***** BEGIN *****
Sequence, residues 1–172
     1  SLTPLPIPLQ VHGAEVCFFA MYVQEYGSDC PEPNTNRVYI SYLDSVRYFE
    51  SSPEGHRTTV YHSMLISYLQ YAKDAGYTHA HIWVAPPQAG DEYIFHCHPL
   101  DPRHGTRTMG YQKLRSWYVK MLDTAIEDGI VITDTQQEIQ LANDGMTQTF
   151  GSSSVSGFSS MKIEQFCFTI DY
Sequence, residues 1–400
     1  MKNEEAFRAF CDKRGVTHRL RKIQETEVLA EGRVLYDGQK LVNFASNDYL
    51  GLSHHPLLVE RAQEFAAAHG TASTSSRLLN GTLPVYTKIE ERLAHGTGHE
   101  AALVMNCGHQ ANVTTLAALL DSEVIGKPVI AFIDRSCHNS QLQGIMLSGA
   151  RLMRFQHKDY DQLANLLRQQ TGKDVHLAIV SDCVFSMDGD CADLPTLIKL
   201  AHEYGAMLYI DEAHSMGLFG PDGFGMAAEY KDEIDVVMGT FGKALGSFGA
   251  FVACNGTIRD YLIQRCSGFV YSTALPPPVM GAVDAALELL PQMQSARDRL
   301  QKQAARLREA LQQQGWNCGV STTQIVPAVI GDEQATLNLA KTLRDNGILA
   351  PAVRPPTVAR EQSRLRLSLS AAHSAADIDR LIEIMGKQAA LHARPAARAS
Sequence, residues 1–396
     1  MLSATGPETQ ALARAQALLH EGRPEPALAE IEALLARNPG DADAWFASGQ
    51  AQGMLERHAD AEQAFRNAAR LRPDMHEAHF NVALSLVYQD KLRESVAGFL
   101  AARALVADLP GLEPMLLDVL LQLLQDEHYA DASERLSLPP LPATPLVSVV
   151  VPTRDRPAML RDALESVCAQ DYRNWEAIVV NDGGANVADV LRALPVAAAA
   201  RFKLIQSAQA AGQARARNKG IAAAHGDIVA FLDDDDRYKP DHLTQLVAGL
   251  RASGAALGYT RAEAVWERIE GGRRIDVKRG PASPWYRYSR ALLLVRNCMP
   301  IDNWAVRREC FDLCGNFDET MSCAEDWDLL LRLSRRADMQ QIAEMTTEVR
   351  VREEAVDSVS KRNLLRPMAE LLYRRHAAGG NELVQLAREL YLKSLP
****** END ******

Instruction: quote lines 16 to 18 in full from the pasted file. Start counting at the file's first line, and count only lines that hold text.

     1  MLSATGPETQ ALARAQALLH EGRPEPALAE IEALLARNPG DADAWFASGQ
    51  AQGMLERHAD AEQAFRNAAR LRPDMHEAHF NVALSLVYQD KLRESVAGFL
   101  AARALVADLP GLEPMLLDVL LQLLQDEHYA DASERLSLPP LPATPLVSVV